Character design is a crucial part of portraying a person as we immediately make inferences about people based on their appearance. When playing Dangerous Embodiments I was surprised the extent to which I started creating stories around the character models I was playing and by how much my imagined stories differed between character models even though the surroundings were the same. Creating character models is difficult for our projects though because we have little to no visual evidence for the paupers we are looking at. We know what the clothes they would wear look like, however, the physical appearance of paupers is rarely mentioned in the transcripts. This leaves us tremendous amounts of creative license when creating character models. While we should ensure that the models are historically accurate, we must also be wary of what emotions and thoughts they will elicit from users. What muddies the water is that users will have modern perceptions and stereotypes that they will apply to the models of historical figures. This can be used as a teaching moment to expose users to their usually unconscious modern stereotypes and even prejudices. One of the reasons studying history is important is that it can help inform current decisions, so drawing out users’ modern prejudices by applying them to a historical figure and showing how they don’t fit would be a great way to make users wary of their stereotypes. In practice, it may be hard to do and would require an introspective and alert user, however, it would be worth the work to make users question their beliefs and prejudices.

Superficial Embodiments in Lakeport and Soweto

The Digital Embodiments projects for Lakeport and Soweto have the main purpose of re-creating the historical environments of Lakeport and Soweto for the player to explore. Before entering the simulation, the player is asked to select an avatar that will represent them in the game space. These avatars represent historically typical figures for each environment that would, historically, have filled different and often opposing social roles.

However, upon interacting with the environment for more than a few minutes, it becomes abundantly clear that the physical appearance of the player’s avatar is nothing more than a generic skin. Despite the various avatars’ drastically different racial and social positions within the world that is being re-created, the player’s actual role is completely unchanged. At Lakeport Manor, the black, female slave is functionally identical to the white, male plantation owner. In Soweto, a student can do everything an officer can do. While these characters would comprise entirely different roles in history, they are identical in terms of the simulation’s functionality.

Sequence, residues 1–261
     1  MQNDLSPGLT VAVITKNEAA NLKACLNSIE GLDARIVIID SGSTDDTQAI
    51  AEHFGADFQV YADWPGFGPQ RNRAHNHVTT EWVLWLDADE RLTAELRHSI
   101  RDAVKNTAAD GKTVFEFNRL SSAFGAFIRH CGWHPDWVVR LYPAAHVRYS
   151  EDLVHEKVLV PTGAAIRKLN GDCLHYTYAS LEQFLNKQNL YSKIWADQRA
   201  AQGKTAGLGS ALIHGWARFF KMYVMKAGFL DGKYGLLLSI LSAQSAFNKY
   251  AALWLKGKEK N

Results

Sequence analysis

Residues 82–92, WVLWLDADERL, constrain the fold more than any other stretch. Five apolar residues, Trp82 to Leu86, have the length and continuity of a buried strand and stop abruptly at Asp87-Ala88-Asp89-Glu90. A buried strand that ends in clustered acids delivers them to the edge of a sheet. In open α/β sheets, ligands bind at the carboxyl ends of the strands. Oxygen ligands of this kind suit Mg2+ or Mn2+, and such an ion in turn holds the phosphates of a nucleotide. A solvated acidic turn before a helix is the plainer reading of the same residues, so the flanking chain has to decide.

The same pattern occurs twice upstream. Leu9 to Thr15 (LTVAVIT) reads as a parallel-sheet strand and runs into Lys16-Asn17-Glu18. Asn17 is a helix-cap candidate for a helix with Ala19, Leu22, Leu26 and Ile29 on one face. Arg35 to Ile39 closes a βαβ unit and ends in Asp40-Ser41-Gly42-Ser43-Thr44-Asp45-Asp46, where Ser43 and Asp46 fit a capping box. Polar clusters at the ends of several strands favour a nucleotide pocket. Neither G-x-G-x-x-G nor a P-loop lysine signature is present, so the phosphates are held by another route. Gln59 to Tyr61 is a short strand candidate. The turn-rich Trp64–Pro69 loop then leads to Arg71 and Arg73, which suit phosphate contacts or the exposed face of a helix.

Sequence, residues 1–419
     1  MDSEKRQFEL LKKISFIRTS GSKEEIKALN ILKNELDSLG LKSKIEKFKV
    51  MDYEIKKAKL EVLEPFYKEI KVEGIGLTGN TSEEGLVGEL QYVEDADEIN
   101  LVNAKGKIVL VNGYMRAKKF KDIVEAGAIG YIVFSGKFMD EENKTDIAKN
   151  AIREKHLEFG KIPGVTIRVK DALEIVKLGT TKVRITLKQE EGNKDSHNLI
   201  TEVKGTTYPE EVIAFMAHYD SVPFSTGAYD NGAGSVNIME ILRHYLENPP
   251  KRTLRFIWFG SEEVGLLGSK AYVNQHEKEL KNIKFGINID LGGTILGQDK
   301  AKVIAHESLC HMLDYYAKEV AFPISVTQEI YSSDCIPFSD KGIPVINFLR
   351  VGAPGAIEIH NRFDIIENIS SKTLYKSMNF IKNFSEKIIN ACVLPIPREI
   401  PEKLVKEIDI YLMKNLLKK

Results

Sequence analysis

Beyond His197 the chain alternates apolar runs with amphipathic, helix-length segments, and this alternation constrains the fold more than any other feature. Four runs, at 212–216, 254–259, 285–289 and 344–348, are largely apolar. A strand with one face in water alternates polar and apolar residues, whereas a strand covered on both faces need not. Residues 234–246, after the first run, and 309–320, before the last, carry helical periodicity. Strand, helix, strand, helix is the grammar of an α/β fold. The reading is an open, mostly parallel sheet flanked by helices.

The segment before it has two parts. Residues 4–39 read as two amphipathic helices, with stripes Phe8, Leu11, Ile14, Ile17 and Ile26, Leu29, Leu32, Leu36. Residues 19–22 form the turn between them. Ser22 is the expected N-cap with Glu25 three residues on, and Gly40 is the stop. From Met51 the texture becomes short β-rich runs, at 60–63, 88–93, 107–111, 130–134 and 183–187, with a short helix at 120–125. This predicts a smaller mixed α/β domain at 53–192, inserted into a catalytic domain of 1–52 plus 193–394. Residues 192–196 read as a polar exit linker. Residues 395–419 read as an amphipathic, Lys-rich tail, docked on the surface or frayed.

This is not to say that there is no merit to these digital re-creations. There is much to be gained from immersing a player in the environment and allowing them to explore freely and without restricting game mechanics. This implantation makes the environment much more accessible to people who would be otherwise unable to experience it in 3D space. However, the lack of depth beyond the physical appearance of the player’s avatar detracts from the overall meaningfulness of the experience.


Digital Embodiment

Digital embodiment can provide a means to promote empathy toward people in the past, but it can also be problematic. When trying to create my own character, it definitely made me think of who I was trying to represent, how I was engaging with stereotypes, and my own personal biases and interpretations. In that way, it may have helped me build some more knowledge of my own interactions with this historical figure. However, I also found it difficult in how historically inaccurate it feels to try to represent someone in the past while at the same time the player may not question how I chose to present this person.

While I find there can be issues in how characters are chosen to be represented and also in the ways in which people view those characters once they are out in the digital world, I feel it is more effective and engaging to have a character in a virtual world than to feel as though you are simply yourself walking through a ghost town. The “Dangerous Embodiments” virtual world made it apparent how important the interactions between virtual people are as well, and how coded all these interactions are. I think that these new technologies can have interesting implications in promoting empathy between different people, however as many of these embodiments deal with very sensitive material, people must be very careful in how they choose to represent the characters.